I must start by saying farewell to Hollywood star James Garner. He is best remembered for the two television series Maverick and The Rockford Files, but he was also a leading man of cinema in the 1950s and 1960s.
Sadly, James was stricken with ill health in his latter years, including requiring the replacement of both knees and major heart surgery. A series of strokes had left him with a deep depression in his final months.
I remember him in The Great Escape and The Americanization Of Emily, which he made
partly at MGM in Borehamwood with Julie Andrews.
We have also lost Elaine Stritch, who was a star of films and Broadway but best recalled over here for a 1970s series she did with Donald Sinden.
Actor Ray Lonnen, a friend of mine, has also died. Until I read his obituary I had no idea Ray was asked to stand in for Harrison Ford in the screen tests with the proposed female leads in the Indiana Jones movies. He did the same thing for Sean Connery on Never Say Never Again. These films were made at Elstree Studios.
It is a great regret of mine that I never got around to having long chats with the many actors and stars I have met over the decades. Sometimes I did formal interviews but often it was just chats and my memory is not that great.
I do get asked ‘whatever happened to ...?’ from time to time and this week it was the chairman of Elstree Studios Morris Bright enquiring about George Sanders, the ultimate screen cad.
George enjoyed a successful career in Tinseltown, including winning an Oscar for All About Eve, but sadly at the beginning of the 1970s his mental and physical health declined. I met him on the set of Endless Night at Elstree Studios and a short while after he committed suicide in a lonely Spanish hotel room, although the two facts are not connected.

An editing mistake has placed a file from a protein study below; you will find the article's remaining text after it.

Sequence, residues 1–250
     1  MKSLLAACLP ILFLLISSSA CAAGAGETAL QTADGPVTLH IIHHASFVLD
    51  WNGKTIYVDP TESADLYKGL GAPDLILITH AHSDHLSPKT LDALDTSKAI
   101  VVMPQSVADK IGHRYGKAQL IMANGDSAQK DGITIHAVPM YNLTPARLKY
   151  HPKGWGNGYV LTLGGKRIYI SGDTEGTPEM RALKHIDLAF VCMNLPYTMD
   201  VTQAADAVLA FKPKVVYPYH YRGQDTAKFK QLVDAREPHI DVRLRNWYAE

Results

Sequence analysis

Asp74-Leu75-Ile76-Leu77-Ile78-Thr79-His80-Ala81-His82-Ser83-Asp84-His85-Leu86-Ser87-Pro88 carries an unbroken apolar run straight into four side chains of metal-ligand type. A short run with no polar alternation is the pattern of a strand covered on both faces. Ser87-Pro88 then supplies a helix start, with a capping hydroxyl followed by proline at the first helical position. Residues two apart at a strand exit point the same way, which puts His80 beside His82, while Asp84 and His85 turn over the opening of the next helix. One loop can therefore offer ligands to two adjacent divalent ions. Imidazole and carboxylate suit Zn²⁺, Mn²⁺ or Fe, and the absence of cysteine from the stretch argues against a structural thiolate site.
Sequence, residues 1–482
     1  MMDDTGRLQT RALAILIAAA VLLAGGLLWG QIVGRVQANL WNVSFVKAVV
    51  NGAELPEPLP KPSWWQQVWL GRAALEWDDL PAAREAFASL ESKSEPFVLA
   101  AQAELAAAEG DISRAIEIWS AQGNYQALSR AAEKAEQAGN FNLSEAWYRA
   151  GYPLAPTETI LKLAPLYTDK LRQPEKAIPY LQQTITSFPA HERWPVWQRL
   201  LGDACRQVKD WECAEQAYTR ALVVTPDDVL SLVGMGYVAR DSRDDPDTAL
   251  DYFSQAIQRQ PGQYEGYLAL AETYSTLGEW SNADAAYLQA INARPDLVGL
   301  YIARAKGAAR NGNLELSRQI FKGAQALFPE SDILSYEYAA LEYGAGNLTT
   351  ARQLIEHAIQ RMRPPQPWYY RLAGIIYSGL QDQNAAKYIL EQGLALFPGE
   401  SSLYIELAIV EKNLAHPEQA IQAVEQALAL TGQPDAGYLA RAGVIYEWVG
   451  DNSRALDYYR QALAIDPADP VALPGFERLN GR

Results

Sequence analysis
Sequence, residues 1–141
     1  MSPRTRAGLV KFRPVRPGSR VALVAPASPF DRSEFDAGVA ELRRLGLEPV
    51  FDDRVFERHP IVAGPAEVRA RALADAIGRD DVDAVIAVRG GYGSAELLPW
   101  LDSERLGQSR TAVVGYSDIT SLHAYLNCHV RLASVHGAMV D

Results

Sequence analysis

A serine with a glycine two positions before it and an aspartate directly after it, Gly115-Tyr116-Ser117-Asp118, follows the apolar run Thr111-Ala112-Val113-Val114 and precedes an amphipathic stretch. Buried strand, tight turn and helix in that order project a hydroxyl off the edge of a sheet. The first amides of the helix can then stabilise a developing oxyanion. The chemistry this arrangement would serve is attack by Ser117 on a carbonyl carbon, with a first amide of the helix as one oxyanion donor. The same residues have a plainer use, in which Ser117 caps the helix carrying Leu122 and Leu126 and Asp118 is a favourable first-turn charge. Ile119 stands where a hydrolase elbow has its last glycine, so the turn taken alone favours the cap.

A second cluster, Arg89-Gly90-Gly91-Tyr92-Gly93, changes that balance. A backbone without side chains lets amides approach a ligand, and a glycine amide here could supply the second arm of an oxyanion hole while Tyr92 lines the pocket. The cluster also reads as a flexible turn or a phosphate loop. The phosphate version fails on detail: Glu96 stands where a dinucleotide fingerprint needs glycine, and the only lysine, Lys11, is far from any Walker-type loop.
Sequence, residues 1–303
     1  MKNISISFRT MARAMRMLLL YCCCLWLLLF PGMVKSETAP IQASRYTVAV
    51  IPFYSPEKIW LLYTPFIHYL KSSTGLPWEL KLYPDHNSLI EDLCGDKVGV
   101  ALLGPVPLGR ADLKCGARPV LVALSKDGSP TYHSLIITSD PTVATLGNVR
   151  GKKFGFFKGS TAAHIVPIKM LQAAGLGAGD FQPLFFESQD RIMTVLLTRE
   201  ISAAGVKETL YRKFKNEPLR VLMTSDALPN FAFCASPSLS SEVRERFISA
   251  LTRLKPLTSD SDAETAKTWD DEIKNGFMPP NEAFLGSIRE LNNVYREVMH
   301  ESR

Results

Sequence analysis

However, that kicked off a rumour that I am the Grim Reaper of showbiz as so many of my interviewees and guests at events have kicked the bucket. I think that is very harsh but, having said, that I have just found a photo of a reception I arranged and hosted at Elstree Studios in 1989 to celebrate 75 years of film production in Borehamwood.
Looking at the line-up, everybody now seems to be dead except director John Hough, actress Janette Scott, actor Tony Britton, Dave ‘Darth Vader’ Prowse and myself, although I am not feeling that well nowadays.
We had the lovely Thora Hird, 1930s star Chili Bouchier, Dulcie Gray, Titanic survivor Eva Hart, and Barbara Kelly, to mention a few of the ladies. Then there were character actors Maurice Denham, Richard Vernon, Bernard Braden, Stratford Johns, not to mention Graham Stark and Norman Rossington, who drove themselves home a little worse for wear.
I recall Doug Fairbanks Jr, Eartha Kitt, Frankie Howerd, Francis Matthews, Eric Sykes and Lew Grade, plus six RAF survivors of the real Dambusters raid, and good pal Philip Madoc and Robert Beatty and famed director John Boulting.
After the reception, we all adjourned to the viewing theatre, now demolished, and I introduced Ron and Effie Osborne, local residents who had started at Elstree Studios in 1926.
All of them have gone now and I suspect most younger readers have never heard of them, but they had a wealth of memories that should have been recorded. All we have from the occasion is television coverage, probably since junked and a poor 8mm cine film recording of the event taken by one of the guests.
Meanwhile, young Bright tells me he has found some television footage of me when he was a young TV reporter covering the fight to save Elstree Studios all those years ago. Would any of you want to see footage of yourself nearly 20 years ago? I recently found a tape of myself 30 years ago appearing on TV-am with Anne Diamond, and the other guests were Jimmy Greaves, Doug Fairbanks and Jimmy Edwards. Thank heavens for the black bin.